- 2019-09-23 @ 08:18 AM EST / Linux Server Security 101
- 2019-09-12 @ 06:22 AM EST / Zettelkasten
- 2019-07-13 @ 06:04 PM EST / Video Game Memories - 1976: The Year of Pong
- 2019-07-13 @ 10:00 AM EST / Amiga Project - It's dead, Jim
- 2019-07-13 @ 08:02 AM EST / Amiga Project - This isn't looking good
- 2019-07-13 @ 03:34 AM EST / Amiga Project - Trouble in Paradise
- 2019-07-12 @ 10:08 AM EST / Bridging Old and New Technology
- 2019-07-12 @ 01:37 AM EST / Amiga Project: GoTek
- 2019-07-11 @ 07:33 PM EST / Amiga Project: Compact Flash Drive
- 2019-07-10 @ 04:24 PM EST / New Website Design
- 2019-07-09 @ 11:55 PM EST / Science Fiction
I decided pretty early on that I was not only going to repair my Amiga 500 but that I was also going to upgrade it as best I could to act and perform like a modern computer. Encouraged by my recent successes, I decided it was time for some much needed upgrades. The Wicher 500i turbo card and an additional 8MB of 60ns EDO memory have now been installed along with the new AmigaOS 3.1.4 ROM. I was a bit worried about installing the v3.1.4 ROM because of its memory requirements. However, the updated operating system booted up with no problems at all.
I was even able to run Dungeon Master because of the RAM upgrade. That being said, I still think that I should splurge and buy an additional 1MB of RAM in the form of a trapdoor upgrade card. Finally, I still need to get the Micro-SD IDE adapter installed so that I can install AmigiOS v3.1.4 onto it properly, and I also need to install the Wicher 500i drivers/software and then enable those drivers in the OS so that I can take advantage of the new EC68020 CPU and bump up the speed. Finally, I need to somehow get my GoTek drive running so that I can finally get some software/games installed. I have a ton of work to do. However, I am extremely pleased with my progress thus far.
The next step in my Amiga project is installing the Wicher 500i accelerator card. This card will bump up the CPU from a 7 Mhz Motorola 68000 to a 50 Mhz 68020 and it'll bump the RAM from 512KB to 8MB. After that I'll be able to install the 8GB Micro-SD/HD and the new v3.1.4 operating system.
Hard to believe but I actually managed to repair my Amiga 500 this evening. The A500 wasn't outputting a video signal to the monitor and it wasn't showing post codes. There are two lights on the computer that typically light up when the system is booting up. These lights will flash in certain patterns in order to show a successful boot or any problems that the BIOS ran across. My system would turn on and I would get a single green light and that was it. No video, no post codes, no way to load anything from a disk.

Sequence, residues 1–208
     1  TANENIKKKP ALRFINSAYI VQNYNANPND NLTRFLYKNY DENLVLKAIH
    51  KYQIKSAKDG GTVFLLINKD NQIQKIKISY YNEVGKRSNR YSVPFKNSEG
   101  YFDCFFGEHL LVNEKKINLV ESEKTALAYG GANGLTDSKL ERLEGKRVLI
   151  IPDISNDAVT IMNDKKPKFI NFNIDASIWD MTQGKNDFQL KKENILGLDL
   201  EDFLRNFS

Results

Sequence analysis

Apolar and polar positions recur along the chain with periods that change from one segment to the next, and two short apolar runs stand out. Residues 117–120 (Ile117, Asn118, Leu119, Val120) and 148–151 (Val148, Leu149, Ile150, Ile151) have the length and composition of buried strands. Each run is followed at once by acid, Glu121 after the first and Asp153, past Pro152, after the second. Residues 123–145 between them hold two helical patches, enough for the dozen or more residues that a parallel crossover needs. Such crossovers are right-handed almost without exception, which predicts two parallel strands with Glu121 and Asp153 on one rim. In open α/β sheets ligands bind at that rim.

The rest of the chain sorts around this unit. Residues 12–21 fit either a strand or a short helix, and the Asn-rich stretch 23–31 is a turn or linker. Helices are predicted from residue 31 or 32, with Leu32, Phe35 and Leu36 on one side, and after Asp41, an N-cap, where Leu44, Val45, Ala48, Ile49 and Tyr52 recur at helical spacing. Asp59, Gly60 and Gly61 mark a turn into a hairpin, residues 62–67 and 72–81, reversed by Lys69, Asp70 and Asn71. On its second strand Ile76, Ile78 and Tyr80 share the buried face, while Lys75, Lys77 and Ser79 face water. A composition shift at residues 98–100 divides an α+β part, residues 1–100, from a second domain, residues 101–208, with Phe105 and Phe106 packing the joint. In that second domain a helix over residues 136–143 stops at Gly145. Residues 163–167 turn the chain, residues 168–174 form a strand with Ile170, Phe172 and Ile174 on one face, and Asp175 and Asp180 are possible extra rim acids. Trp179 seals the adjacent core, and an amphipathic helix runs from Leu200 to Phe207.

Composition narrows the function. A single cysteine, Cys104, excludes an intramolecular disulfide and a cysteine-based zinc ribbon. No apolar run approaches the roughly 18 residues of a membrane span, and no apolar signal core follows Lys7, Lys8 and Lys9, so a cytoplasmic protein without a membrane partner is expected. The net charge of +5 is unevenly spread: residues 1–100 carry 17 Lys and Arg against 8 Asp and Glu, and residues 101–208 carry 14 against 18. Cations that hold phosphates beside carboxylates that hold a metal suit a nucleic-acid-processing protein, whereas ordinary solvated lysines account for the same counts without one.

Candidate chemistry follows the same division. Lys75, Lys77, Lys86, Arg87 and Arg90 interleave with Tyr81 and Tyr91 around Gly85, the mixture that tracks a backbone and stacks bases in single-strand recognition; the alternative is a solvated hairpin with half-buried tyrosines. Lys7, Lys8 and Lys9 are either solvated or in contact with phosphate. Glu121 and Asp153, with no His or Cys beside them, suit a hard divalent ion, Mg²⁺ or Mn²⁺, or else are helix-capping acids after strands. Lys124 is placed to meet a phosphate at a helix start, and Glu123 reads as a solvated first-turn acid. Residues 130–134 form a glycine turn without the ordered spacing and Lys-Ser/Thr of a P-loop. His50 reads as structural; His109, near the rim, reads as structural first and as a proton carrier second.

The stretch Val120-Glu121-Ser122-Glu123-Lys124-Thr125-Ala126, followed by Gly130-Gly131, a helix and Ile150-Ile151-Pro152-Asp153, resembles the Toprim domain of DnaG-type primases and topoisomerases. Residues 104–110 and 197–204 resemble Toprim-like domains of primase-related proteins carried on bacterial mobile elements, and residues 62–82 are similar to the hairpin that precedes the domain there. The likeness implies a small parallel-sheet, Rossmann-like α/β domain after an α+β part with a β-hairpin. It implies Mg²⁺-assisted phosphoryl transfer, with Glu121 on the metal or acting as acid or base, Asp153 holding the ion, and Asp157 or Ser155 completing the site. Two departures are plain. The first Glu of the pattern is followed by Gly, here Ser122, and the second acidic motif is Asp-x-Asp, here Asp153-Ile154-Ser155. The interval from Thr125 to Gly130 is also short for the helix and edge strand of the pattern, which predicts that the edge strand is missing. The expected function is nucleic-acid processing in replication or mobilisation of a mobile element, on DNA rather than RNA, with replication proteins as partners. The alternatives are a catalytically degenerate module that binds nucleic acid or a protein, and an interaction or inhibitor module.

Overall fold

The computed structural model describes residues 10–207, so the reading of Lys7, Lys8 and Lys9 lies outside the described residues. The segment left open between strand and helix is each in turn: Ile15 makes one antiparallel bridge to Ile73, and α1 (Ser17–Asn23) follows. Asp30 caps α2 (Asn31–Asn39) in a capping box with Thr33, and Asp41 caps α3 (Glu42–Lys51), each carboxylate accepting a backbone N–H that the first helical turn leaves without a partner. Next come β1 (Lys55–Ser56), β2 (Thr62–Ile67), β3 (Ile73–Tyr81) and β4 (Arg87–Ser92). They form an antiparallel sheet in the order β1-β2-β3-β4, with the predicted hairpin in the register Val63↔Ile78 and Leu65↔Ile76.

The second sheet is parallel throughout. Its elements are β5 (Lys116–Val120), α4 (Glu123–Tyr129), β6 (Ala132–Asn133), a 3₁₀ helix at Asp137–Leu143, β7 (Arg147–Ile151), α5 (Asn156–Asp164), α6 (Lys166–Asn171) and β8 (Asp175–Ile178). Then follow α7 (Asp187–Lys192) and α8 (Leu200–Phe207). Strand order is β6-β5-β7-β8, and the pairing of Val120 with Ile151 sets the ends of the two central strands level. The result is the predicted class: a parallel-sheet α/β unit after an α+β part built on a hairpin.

I ended up taking the case off, pulling the RF shielding, and then checking the system board for any potential problems. I was looking for things like leaking capacitors, burnt resistors, broken traces, and missing or misaligned chips. There are a ton of custom chips on Amigas and I had to systematically check every single one before I found the problem. The Motorola 68000 CPU and the ROM chips had somehow popped partially out of their sockets. I snapped them back in place, plugged everything back in, held my breath and flipped the power switch. I was greeted with successful post lights and eventually the familiar Amiga loading screen appeared. Whew!
You should see my son's room. It's like some kind of bizarre lair for a midget mad genius. Wires and electronic bits all over the place, things buzzing and clicking, LCD screens reading out strange code that I've never seen before, LED lights hanging from everything, computers dinging and churning away at unknown tasks...
To make matters worse I can't find any of my spare parts. I'm looking for my 2016 MacBook Pro and it's no where to be found. Same thing for all of my extra power supplies, cables, USB power bricks, etc. What the heck is my 9 year-old son doing with all of this stuff? Building Skynet?
Turns out the electrical surge killed the USB-C port that the charging cable was plugged into. I can't get more than 15w of power on that port now. The remaining three USB-C ports all generate 60w. So, it’s back to the Apple store I go. This is going to be an expensive repair.
If it isn’t one thing it’s another. Last night we had some thunderstorms roll into the area for a few hours. Unfortunately, I forgot and left my 2018 MacBook Pro plugged in and charging. Let’s just say there was a flash of lightning, followed by a crack of thunder, followed by my MacBook Pro instantly shutting down. Doh!